The U.S. Labor Department is dropping an investment advice proposal that would have allowed 401(k) participants to receive advice from financial firms that sell investments, according to Dow Jones Newswires.
The wire service reports the measure was one of several last-minute labor rules put forth by the Bush administration during its final days.
"We believe the final investment advice regulation published in the January 21st Federal Register went too far in permitting investment advice arrangements not specifically contemplated by the statutory exemption," Phyllis Borzi, assistant secretary of Labor's Employee Benefits Security Administration, said in a prepared statement.
Borzi added, "We are taking a fresh look at the regulation that was issued and are working to bring it more closely in line with the [Pension Protection Act of 2006] statutory language."
The federal pension law requires that employees have access to fair investment advice, notes Dow Jones. In January, labor officials from the exiting Bush administration said the rule would make investment advice more accessible for millions of Americans.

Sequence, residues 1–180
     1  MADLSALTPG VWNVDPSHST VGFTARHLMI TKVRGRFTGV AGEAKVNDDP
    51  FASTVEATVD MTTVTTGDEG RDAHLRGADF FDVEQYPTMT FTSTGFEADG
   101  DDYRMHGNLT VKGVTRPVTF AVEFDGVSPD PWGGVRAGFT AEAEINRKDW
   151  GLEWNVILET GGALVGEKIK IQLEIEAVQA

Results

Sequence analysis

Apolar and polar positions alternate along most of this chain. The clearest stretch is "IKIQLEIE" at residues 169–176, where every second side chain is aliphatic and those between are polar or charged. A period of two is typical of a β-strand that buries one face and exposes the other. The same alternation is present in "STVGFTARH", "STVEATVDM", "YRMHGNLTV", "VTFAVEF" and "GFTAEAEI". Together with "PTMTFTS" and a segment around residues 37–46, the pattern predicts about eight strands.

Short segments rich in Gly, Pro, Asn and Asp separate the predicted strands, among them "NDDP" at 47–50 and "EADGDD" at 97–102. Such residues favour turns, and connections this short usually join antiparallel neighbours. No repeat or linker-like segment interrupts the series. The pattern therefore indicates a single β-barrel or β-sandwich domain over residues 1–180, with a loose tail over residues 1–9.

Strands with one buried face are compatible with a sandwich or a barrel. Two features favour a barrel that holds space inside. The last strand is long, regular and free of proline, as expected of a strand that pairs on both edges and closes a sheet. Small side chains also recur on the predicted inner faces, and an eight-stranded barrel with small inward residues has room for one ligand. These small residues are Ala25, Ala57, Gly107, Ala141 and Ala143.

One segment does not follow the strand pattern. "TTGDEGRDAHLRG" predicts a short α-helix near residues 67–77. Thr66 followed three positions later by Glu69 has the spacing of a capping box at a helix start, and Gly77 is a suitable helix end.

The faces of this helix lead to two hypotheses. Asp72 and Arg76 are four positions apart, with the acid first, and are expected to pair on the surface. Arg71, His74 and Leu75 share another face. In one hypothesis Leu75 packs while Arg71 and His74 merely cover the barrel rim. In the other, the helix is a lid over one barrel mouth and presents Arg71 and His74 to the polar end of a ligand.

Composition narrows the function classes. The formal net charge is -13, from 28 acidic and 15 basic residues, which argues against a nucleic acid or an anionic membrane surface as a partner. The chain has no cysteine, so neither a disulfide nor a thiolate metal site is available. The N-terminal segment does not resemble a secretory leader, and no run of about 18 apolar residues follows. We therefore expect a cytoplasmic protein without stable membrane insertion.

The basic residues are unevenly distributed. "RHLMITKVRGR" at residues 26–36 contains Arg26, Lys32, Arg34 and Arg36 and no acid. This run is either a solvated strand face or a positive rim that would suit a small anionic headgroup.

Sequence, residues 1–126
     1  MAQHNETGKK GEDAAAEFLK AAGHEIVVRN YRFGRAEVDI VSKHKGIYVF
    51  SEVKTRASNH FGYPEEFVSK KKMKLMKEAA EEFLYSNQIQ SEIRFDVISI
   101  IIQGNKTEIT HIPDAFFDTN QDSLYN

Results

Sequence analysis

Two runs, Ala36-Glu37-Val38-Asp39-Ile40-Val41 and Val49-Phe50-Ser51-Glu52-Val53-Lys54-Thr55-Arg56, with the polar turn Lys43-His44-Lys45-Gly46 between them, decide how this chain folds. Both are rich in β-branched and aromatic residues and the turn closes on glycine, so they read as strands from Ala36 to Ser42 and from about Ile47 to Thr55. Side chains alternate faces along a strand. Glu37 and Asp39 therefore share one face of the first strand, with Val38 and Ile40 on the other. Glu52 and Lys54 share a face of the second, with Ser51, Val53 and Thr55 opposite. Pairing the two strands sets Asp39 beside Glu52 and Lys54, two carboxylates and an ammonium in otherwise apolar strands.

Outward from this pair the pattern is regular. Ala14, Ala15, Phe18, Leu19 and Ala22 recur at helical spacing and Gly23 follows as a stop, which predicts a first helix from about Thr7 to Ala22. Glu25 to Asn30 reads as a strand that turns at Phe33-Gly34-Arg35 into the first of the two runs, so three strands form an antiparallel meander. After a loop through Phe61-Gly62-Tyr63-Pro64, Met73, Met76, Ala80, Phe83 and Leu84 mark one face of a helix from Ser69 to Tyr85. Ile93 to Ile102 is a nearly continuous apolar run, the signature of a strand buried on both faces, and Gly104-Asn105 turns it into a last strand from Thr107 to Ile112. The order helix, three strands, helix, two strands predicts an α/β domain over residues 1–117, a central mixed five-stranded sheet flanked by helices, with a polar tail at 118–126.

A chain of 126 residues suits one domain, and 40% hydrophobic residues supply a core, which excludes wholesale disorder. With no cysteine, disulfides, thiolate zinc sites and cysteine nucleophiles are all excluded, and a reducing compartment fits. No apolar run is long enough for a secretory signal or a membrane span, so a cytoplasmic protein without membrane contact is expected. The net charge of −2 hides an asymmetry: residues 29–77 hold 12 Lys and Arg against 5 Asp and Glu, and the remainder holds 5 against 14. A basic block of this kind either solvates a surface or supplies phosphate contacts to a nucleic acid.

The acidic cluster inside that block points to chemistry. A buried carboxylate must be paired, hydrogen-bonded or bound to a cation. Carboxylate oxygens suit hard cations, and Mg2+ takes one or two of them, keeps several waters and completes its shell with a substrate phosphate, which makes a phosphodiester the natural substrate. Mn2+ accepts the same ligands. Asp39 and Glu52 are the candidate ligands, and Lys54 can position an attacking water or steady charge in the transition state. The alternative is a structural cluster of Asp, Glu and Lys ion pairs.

"However, some U.S. lawmakers, in particular House Education and Labor Committee Chairman George Miller, D-Calif., expressed concern that the rule would undermine worker savings by allowing financial services firms to offer investment advice that could benefit the firms instead of employees. Such opposition prompted the Obama administration earlier this year to postpone when the investment advice rule would take effect."